A new Nova Scotia workforce strategy will help to address the economic challenges presented by a shrinking workforce and help Nova Scotians to acquire the right skills for good jobs, said the provincial government.
"As the population gets older, people are retiring from the workforce and too few people with the right skills are available to replace them," said Premier Darrell Dexter. "Nova Scotia's workforce strategy is about helping us adapt and overcome our new demographic reality."
The workforce strategy describes a number of actions under three priority areas:
•increasing the amount of learning and skills development in the workplace
•helping Nova Scotians to prepare for and connect with good jobs
•growing the workforce, both in numbers and skills.
"Nova Scotia's working-age population will decline by 47,000 people over the next decade, creating a situation in which there are jobs without people and people without jobs," said Labour and Advanced Education Minister Marilyn More. "The workforce strategy calls on all of us — every worker, potential worker and employer, as well as every business, industry sector and government — to think about what we can do now to be more competitive in tomorrow's labour market."
The strategy provides supports to help young people and their parents to make informed decisions about career options, and expands adult learning and online learning opportunities. It provides programs for Nova Scotians who are unemployed or underemployed and returning to the workforce or looking for their first job.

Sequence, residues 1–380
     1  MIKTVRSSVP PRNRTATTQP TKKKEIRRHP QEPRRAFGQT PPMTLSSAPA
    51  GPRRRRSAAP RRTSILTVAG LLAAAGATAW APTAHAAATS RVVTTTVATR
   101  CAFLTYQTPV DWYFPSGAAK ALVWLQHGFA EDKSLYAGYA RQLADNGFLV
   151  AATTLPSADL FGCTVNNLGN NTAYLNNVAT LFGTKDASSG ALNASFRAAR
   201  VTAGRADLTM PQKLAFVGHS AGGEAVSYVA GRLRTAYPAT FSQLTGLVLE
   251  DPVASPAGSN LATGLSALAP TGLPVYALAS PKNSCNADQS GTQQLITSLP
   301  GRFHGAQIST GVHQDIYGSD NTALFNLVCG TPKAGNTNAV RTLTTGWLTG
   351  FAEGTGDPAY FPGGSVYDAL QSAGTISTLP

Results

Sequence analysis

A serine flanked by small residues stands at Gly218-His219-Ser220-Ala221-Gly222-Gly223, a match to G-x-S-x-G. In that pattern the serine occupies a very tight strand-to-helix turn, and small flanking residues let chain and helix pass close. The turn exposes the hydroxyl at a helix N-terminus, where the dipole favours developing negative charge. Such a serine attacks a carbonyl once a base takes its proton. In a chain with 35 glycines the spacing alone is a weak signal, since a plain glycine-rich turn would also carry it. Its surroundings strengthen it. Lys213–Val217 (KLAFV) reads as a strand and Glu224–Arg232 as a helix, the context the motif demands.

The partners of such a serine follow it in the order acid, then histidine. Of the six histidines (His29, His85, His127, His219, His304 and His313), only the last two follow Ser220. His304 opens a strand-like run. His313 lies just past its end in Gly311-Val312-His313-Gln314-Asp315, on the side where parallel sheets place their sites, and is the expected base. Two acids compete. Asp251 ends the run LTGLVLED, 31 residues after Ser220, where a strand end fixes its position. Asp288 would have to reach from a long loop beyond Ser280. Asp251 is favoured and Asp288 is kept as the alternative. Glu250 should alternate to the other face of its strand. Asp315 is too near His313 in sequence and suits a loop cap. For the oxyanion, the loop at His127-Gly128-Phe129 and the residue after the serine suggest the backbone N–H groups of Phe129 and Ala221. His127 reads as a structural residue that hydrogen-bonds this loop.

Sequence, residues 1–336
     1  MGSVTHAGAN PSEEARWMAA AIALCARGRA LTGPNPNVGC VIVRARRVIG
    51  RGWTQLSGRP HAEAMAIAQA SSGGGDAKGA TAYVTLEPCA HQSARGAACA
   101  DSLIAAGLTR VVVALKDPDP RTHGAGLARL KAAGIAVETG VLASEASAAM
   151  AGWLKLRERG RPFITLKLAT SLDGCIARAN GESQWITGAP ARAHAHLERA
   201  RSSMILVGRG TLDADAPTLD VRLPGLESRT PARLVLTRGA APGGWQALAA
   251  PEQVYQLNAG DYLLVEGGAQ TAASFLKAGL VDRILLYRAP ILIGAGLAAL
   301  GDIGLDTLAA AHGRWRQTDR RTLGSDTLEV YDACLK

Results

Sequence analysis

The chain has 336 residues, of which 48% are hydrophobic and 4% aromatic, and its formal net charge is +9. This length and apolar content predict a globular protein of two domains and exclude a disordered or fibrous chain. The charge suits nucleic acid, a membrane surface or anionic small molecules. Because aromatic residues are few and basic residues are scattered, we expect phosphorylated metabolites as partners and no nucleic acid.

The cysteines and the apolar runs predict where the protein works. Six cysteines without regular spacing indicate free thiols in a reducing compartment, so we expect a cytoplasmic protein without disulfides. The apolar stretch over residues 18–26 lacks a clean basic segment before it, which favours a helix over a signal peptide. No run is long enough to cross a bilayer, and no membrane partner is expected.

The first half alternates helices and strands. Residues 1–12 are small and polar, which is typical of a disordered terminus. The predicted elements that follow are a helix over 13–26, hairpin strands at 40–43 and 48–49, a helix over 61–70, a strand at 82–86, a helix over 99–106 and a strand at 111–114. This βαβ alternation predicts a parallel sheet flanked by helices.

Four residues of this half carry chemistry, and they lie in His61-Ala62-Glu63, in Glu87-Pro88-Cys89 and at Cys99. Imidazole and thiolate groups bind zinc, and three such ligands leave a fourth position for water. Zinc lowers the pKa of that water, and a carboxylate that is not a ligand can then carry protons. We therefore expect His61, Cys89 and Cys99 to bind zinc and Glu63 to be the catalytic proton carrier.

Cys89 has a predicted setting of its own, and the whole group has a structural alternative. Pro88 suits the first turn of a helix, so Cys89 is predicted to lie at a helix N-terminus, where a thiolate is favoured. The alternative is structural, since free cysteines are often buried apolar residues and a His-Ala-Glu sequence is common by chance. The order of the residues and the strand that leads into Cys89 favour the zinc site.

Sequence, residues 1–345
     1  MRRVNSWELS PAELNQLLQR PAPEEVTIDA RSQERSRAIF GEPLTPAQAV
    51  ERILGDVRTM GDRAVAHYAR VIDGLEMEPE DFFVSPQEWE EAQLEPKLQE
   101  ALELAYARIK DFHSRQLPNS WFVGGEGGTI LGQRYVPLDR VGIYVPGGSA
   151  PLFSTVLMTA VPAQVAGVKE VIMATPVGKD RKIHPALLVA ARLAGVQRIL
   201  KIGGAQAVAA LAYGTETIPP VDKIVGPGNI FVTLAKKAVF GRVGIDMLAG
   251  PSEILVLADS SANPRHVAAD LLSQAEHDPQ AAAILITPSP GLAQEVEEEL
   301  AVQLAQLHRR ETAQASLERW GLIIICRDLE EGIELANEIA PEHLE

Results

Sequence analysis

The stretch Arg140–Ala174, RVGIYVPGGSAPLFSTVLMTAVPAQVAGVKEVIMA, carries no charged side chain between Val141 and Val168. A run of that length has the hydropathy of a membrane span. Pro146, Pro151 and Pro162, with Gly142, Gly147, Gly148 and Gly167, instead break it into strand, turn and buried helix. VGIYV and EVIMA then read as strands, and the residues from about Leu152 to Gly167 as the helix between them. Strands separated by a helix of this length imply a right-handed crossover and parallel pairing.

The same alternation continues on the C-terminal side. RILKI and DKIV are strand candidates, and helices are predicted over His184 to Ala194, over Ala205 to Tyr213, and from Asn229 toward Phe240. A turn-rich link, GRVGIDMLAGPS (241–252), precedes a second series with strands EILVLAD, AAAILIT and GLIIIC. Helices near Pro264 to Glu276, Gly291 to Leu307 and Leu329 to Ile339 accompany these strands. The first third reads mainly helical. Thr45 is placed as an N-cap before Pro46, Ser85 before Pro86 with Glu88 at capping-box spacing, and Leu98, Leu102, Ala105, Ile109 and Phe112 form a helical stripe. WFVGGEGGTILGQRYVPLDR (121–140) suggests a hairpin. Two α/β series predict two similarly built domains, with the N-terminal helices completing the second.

It also targets groups that are under-represented in the workforce such as women, African and Aboriginal Nova Scotians, people with disabilities, older workers, low-skilled individuals and those who may face other barriers to finding work, said the government.
"A successful workforce strategy means all able and available Nova Scotians can fully realize the opportunities in front of them, including the many high value jobs that will come with the shipbuilding contracts," said Economic and Rural Development and Tourism Minister Percy Paris. "Nova Scotians will be ready with the right skills and education to meet the job opportunities of the future, and businesses will benefit by having a rich diversity of skilled workers, each contributing ideas and knowledge that will foster better productivity and strengthen their competitiveness."
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